“A variety of circumstances may justify a district court stay pending the resolution of a related case in another court. A stay sometimes is authorized simply as a means of controlling the district court's docket and of managing cases before the district court.” Ortega Trujillo v. Conover & Co. Commc'ns, 221 F.3d 1262, 1264 (11th Cir. 2000). “When a district court exercises its discretion to stay a case pending the resolution of related proceedings in another forum, the district court must limit properly the scope of the stay. A stay must not be ‘immoderate.'” Id. Stays should not merely “postpone[] the district court's inevitable consideration of the claim, ” they should “conserve judicial resources or aid in comprehensive disposition of the litigation.” Amer. Mfrs. Mut. Ins. Co. v. Edward D. Stone, Jr. & Assoc., 743 F.2d 1519, 1525 (11th Cir. 1984)).

         “‘When deciding whether to grant a stay, courts generally consider the following factors: (1) whether a stay would unduly prejudice or present a tactical disadvantage to the nonmovant; (2) whether a stay will simplify the issues in the case; and (3) whether discovery is complete and a trial date has been set.'” Collegiate Licensing Co. v. Am. Cas. Co. of Reading, Pa., 842 F.Supp.2d 1360, 1369 (N.D.Ga. 2012) (citation omitted). “The proponent of a stay bears the burden of establishing its need.” S.E.C. v. CRE Capital Corp., No. 1:09-CV-0114-RWS, 2009 WL 1151739, at *2 (N.D.Ga. Apr. 27, 2009) (citation and internal marks omitted).

         B. Analysis

         Nationstar filed its Motion to Stay, arguing that a stay is appropriate because the outcome in the consolidated appeal before the United States Court of Appeals for the D.C. Circuit, in ACA Int'l v. FCC, No. 15-1211 (D.C. Cir.), “will be dispositive or, at a minimum, highly instructive” of Medina's sole TCPA claim. ([17]).[2] In ACA International, the D.C. Circuit will address, among other things, whether the FCC's treatment of the term “capacity” in defining ATDS is “arbitrary, capricious, an abuse of discretion, or otherwise not in accordance with law, ” 5 U.S.C. § 706(2)(A), or whether the FCC “articulated ‘a rational connection between the facts found and the choice made.'” ADX Commc'ns of Pensacola v. FCC, 794 F.3d 74, 79 (D.C. Cir. 2015).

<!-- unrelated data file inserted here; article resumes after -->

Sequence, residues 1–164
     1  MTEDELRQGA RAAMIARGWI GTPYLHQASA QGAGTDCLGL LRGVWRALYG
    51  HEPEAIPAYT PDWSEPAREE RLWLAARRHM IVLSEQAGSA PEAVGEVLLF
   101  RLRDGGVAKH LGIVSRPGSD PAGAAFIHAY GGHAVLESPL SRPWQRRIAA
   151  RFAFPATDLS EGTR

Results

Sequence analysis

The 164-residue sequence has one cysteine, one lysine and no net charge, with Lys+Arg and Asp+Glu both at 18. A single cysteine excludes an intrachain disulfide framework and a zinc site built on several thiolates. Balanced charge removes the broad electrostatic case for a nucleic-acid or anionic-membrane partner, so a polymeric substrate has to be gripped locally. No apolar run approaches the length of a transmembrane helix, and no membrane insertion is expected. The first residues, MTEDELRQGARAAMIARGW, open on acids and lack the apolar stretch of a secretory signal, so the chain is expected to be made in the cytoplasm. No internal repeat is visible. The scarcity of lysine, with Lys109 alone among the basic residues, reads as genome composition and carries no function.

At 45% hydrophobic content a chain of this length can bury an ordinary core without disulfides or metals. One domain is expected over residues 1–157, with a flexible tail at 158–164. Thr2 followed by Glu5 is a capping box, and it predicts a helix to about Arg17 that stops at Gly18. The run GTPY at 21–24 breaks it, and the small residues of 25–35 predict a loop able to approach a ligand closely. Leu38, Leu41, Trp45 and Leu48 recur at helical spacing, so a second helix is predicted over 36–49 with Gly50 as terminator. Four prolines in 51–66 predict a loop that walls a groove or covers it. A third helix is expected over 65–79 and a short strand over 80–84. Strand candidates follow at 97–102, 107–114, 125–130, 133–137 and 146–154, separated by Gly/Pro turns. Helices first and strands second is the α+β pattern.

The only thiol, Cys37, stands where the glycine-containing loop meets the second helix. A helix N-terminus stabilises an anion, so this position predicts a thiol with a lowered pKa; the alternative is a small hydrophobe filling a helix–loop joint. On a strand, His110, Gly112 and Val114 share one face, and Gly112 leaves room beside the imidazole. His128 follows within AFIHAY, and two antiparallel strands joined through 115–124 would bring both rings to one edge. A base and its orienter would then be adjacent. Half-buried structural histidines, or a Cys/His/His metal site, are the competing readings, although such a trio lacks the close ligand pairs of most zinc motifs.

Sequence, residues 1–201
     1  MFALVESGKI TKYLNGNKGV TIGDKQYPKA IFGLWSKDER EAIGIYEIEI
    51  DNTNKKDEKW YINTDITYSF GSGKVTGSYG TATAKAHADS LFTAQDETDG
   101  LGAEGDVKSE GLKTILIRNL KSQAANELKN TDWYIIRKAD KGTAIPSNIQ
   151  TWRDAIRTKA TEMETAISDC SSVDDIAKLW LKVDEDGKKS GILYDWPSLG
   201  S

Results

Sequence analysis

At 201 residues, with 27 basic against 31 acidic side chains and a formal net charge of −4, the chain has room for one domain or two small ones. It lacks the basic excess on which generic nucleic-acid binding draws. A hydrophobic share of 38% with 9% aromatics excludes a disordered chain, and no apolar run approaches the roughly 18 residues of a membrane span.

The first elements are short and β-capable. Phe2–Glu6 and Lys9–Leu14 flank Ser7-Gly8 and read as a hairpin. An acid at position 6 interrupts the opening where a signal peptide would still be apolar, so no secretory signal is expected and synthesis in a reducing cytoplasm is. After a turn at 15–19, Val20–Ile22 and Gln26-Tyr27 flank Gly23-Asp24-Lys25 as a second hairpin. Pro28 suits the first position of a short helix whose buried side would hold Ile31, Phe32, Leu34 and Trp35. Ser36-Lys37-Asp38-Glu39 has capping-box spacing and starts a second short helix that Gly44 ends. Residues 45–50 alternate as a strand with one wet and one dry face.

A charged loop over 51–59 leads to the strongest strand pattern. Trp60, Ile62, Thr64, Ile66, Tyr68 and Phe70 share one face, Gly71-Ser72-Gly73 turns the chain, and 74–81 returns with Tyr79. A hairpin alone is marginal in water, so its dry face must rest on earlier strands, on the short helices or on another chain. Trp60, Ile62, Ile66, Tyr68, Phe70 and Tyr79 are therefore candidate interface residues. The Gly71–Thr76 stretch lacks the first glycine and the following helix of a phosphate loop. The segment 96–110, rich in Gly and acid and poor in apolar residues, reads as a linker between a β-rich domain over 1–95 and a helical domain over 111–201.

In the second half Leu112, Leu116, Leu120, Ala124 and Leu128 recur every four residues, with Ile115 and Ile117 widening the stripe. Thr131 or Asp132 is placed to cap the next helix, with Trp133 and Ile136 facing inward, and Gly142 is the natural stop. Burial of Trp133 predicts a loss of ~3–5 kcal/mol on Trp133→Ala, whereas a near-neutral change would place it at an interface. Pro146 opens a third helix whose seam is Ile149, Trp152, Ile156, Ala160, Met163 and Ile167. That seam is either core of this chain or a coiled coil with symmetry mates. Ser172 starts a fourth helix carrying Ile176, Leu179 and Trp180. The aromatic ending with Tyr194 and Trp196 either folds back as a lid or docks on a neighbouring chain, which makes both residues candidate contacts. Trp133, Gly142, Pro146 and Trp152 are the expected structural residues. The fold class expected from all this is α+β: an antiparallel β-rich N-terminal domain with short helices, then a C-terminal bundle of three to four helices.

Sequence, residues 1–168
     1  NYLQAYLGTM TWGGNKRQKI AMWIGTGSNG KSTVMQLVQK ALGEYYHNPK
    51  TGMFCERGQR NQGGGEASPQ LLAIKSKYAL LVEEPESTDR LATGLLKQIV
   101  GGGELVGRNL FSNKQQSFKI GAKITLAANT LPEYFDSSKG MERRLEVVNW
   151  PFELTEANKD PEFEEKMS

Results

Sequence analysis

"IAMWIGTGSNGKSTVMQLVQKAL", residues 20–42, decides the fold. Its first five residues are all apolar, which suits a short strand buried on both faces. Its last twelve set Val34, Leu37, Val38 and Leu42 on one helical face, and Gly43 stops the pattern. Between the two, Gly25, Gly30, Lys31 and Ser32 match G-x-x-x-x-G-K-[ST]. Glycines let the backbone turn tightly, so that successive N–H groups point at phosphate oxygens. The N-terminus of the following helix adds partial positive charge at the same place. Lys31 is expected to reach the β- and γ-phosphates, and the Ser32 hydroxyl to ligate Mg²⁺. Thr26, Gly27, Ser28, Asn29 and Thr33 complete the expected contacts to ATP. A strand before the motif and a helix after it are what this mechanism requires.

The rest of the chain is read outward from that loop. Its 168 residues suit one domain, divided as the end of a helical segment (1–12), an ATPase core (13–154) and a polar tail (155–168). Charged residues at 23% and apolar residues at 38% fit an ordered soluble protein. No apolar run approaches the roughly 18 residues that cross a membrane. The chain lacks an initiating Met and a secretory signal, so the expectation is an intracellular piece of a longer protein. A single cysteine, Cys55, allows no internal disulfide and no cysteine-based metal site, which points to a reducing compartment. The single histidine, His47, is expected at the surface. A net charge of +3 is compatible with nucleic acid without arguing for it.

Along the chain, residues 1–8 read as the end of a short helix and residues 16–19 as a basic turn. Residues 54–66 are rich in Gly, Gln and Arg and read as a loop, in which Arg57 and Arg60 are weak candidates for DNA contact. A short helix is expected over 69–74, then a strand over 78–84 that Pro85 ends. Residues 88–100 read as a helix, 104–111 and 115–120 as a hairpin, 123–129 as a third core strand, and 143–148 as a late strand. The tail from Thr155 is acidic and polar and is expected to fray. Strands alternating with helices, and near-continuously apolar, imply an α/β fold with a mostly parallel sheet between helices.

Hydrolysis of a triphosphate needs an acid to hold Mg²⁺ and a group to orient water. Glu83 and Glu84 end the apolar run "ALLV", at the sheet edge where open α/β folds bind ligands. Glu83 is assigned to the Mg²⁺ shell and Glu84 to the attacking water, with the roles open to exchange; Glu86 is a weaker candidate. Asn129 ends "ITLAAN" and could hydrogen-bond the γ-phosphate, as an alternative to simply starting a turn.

Medina argues that Nationstar's Motion “is built upon speculation and hypothetical regarding what the D.C. Circuit could or might do at some point in the future.” ([18] at 2 (alteration in original)). Because the D.C. Circuit's “review process will be ‘highly deferential' and the 2015 FCC Order will be presumed valid, ” Medina argues that “it is unlikely” that the D.C. Circuit's decision “will impact this case.” ([18] at 18). Medina next argues that, even if the D.C. Circuit were to change the FCC's definition of an ATDS, the impact would be minimal because Medina's Complaint alleges that Nationstar's calls used “a pre-recorded voice as well as an ATDS.” (Id. at 11); see also Vaccaro v. CVS Pharmacy, Inc., No. 13-CV-174-IEG RBB, 2013 WL 3776927, at *1 (S.D. ...